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28 May 2015

independence days challenge


I'm joining Aubrey again with the independence days challenge.  I'm alternating these every other week with my around the farm posts, on Wednesdays (or Thursdays...or when I get caught up with uploading pictures--ha!)  
Homesteading and want to share your journey?...interested in homesteading and want to try and do a few of these each week?...Join us (and share the link on her blog).


1. Plant something:  The weather has been so dry here that we are not planting much right now.  Though it rained last night, so I'm headed out shortly to replant onions and leeks (fill in the gaps where we lost some due to the dryness).  We did plant brassicas last week, and this picture ended up on the front page of our local section of our local paper.  
from the Rutland Herald
2. Harvest something:  Lettuce and rhubarb is it right now.  Selling some lettuce at our farmstand and enjoying it every day.  And I've made a few more rhubarb crisps this past week.

3. Preserve something:  Not much preservation happening at this point, in fact, we are trying to use up a lot of frozen blueberries and spinach to make room for this years harvests.  
4. Waste not (what have you reused, recycled, or repurposed instead of throwing it away or buying new?):  I know we do this often, but I'll have to try and remember these more.  Basically, we try and buy as little as possible all the time...


5. Want not (besides what you reported under "preserve something", what else have you done to prepare for the future or become more self sufficient? What new skills are you learning?):  Adam's friend dowsed for water across the road, and we are hoping to install a well there to have water for animals.  It also would be nice to know we would have a source of water when we lose power--since we have an electric well pump for our house.  
6. Build community food systems:  Our farmstand has opened with just lettuce and eggs, but we also just got our pork back to sell to our neighbors who ordered meat shares with us.  
7. Eat the food:  Every day!  This weekend, a dear friend visited and we had fun making her meals with our preserved veggies (corn, spinach, tomatoes), eggs, pork, blueberries, rhubarb, onions.  We enjoyed a feast prepared by Adam the night she got here, and homemade pizza, pie with cherries we froze last year, blueberry-rhubarb crisp, homemade yogurt for breakfast...so much good food!  We went from cold temps to hot temps in a matter of days and so the kids have been loving frozen (homegrown) smoothie-pops.  I just blend blueberries, strawberries, yogurt, raw milk, spinach and a dash of maple syrup and freeze them in these (gifted from a friend).  Honestly, I put whatever we have in them (sometimes include tart cherries or coconut milk, carrots or kale).  


26 May 2015

k's printmaking





Thought I'd share some of K's crafting this week.
He just finished a four-week print-making class at a beautifully renovated art studio in our local town.  Two friends of ours run kids' art classes out of the building, a different theme each month.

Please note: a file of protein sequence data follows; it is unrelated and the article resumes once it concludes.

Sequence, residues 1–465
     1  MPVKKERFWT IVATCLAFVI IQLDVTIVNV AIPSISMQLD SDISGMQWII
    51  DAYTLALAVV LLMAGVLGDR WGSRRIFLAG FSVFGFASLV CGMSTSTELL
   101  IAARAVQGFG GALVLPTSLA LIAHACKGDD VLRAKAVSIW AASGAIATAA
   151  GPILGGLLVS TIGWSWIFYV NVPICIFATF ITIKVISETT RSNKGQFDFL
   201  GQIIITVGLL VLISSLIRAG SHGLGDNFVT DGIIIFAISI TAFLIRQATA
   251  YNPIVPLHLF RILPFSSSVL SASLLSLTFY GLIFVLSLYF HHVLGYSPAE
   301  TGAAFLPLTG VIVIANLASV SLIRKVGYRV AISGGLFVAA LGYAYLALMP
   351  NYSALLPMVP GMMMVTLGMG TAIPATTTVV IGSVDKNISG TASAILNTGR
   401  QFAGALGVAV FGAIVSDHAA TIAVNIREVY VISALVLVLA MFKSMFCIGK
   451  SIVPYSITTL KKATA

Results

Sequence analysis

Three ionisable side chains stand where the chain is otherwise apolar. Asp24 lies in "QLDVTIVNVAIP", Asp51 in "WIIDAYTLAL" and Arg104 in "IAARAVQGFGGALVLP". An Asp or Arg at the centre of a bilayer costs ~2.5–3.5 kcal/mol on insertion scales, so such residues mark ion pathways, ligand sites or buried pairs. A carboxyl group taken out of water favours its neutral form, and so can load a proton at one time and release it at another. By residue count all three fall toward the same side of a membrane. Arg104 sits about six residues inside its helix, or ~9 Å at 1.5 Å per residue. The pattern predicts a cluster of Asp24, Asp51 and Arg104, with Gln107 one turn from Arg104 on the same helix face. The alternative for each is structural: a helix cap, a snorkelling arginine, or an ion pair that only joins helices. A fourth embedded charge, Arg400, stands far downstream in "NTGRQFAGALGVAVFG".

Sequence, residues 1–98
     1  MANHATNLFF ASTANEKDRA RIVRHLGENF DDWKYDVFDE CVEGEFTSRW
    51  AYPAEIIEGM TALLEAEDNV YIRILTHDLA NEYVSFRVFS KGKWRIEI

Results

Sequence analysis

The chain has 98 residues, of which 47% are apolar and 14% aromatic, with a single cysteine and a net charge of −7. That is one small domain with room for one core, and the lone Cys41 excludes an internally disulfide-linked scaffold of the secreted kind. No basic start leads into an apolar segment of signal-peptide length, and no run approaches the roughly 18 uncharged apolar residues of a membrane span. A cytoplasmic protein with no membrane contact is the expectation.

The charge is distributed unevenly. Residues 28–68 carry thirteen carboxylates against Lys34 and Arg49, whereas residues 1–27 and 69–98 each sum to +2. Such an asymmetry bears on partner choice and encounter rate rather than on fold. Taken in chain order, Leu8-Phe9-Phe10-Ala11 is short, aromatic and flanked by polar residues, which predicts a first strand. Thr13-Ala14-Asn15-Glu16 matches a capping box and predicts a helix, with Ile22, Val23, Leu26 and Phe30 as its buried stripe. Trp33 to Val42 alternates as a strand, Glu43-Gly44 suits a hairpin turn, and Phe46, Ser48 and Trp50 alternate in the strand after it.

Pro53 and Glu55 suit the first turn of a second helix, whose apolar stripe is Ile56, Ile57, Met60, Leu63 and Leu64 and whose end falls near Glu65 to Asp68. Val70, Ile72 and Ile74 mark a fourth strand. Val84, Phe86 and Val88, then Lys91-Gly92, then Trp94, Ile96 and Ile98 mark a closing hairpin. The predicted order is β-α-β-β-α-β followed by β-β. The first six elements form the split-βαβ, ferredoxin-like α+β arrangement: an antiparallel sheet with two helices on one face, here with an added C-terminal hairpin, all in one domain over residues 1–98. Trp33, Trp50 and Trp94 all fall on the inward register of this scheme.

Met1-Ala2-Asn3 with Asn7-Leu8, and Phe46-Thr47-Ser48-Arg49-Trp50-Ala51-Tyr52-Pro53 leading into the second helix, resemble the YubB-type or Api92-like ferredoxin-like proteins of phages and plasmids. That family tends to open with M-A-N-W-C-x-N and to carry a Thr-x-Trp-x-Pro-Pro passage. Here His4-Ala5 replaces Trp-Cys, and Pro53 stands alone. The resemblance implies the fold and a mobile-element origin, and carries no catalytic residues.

May was printmaking and he had so much fun.  I highly suggest local friends check out the Poultney Children's Art Studio!  

20 May 2015

around the farm









I've decided to alternate my independence days and around the farm posts.  

blueberry blooms and pollinators
so many lilacs (and lilac bouquets from my little men)
sweet corn in former pig pasture
three little kittens (our favorite is becky)
grape vines
kitty watching
gourds and birds
the serious farmer

What's going on around your farm, garden or homestead?

19 May 2015

happy chickens and the self-closing door










This spring, we bought 40 pullets from a friend, rhode island red crosses, right about the time when we moved the chickens from their winter coop near our house to a (rickety old) coop that we can (very carefully) pull with the tractor.  Many of our barred rocks were no longer laying and it was time for new birds.  The kids and I tried to hatch our own, so we'd have some barred rocks and araucanas, too, but none of the eggs we incubated hatched!  (Any suggestions from readers?  This was our first time incubating eggs.  I can't imagine that *none* of the eggs were fertilized of the 18 we incubated, but maybe?... We borrowed an incubator with a self-turning egg tray.)

Keeping 40-50 layers is an ideal number for our farm--enough for farmshare members, our local co-op, a farmers' market and our family.

We've been moving them through some winter wheat cover crop that hasn't been ploughed in yet and it is so nice to see happy birds running through the wheat and digging up bugs.  

While my parents were visiting a few weeks ago, Adam and my dad figured out a system to counter weight a heavy slate door with a bucket full of water.  The bucket has a small hole in it that slowly lets water out into one of the chickens' water bowls.  It's timed to take about 2½ hours, so when we do chores at night and fill the bucket, the door will close just after dark.

Happy birds, happy farmers. :)


14 May 2015

independence days challenge #2




Joining Aubrey again this week with the independence days challenge--working on the homesteading side of our small market farm.